9 Ways to Reduce Hospital Readmission Rates

“The cost of readmissions to the healthcare system is substantial, accounting for an estimated $17.4 billion in spending annually by Medicare alone.” –Reducing Hospital Readmission: Current Strategies and Future Directions 

Being a hospital administrator comes with endless challenges. 

Regarding hospital readmissions, there are two main considerations: patient satisfaction and financial stability. 

This article will cover clear steps to take to create your strategy to reduce hospital readmissions and, ultimately, the cost of it for your facility, budget, and reputation. 

How to Reduce Readmission Rates?

The following are nine specific measures your facility and staff can take to reduce those readmission rates and increase patient satisfaction.

1. Understand the Policies

The Hospital Readmission Reduction Program (HRRP) is a foundation of the Affordable Care Act (ACA) to reduce the number of patients readmitted to hospitals shortly after discharge using the Medicare 30-day readmission rule.

What is the Medicare 30-day reaådmission rule? This HRRP rule penalizes hospitals with higher than expected 30-day readmission rates for specific medical conditions.

“Excess readmissions are measured by a ratio, calculated by dividing a hospital’s predicted rate of readmissions for heart attack (AMI), heart failure (HF), pneumonia, chronic obstructive pulmonary disease (COPD), hip/knee replacement (THA/TKA), and coronary artery bypass graft surgery (CABG) by the expected rate of readmissions, based on an average hospital with similar patients.” –Centers for Medicare & Medicaid Services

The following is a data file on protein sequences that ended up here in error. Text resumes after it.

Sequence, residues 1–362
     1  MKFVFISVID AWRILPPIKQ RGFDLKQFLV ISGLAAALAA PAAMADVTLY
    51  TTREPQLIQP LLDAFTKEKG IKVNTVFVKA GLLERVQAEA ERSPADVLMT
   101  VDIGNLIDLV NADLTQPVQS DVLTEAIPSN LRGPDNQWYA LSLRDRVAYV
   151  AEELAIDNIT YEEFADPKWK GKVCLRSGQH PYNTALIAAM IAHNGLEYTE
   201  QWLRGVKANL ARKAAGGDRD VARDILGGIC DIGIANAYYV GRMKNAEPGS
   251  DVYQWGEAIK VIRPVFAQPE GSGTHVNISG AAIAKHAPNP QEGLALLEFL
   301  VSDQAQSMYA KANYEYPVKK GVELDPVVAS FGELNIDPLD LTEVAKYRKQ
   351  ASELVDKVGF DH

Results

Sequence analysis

Hospitals that have excessive readmission rates for conditions like heart failure, pneumonia, and heart attacks may face reduced reimbursement from Medicare, the federal health insurance program for people aged 65 and older. 

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The HRRP program was born to encourage hospitals to focus on improving the quality of care to prevent unnecessary readmissions, ultimately reducing healthcare costs and improving patient outcomes. 

2. Balanced Nurse-to-Patient Ratios

Nurses are significant in patient care, education, and care transition in healthcare settings. Therefore, a balanced ratio of nurses to patients is crucial for reducing hospital readmissions because it impacts patient care quality and outcomes. 

Adequate staffing levels allow nurses to provide personalized attention, timely interventions, and complete discharge planning, essential for preventing complications, ensuring medication adherence, and addressing patient needs post-discharge. 

Nursa can help enhance the quality of care, improve patient satisfaction, and ultimately reduce the likelihood of readmissions by fostering a supportive and attentive care environment.

3. Identification of High-Risk Patients

Recognizing characteristics and circumstances that predispose patients to readmission is crucial. Factors such as specific medical conditions, comorbidities, emotional and personal issues, age, medication management, and support systems play a role in determining the likelihood of readmission. 

Facilities can use validated risk assessment tools or predictive models to stratify patients based on their risk of readmission. This approach also helps consider clinical criteria and indicators associated with increased risk of readmission, such as specific medical conditions, recent hospitalizations or emergency department visits, complex care needs, polypharmacy, cognitive impairment, and inadequate social support.

The targeted effort of identifying high-risk patients can improve patient outcomes, enhance healthcare delivery efficiency, and reduce hospital readmission costs through prevention.

4. Point of Care Charting

As many patients are treated by several doctors and clinicians, documenting the details of the patient medical chart, like recording observations, assessments, interventions, and outcomes in real-time, ensures accurate and up-to-date documentation of patient encounters. 

The documentation of these charts is usually put in place by the nursing staff as part of their shift routine.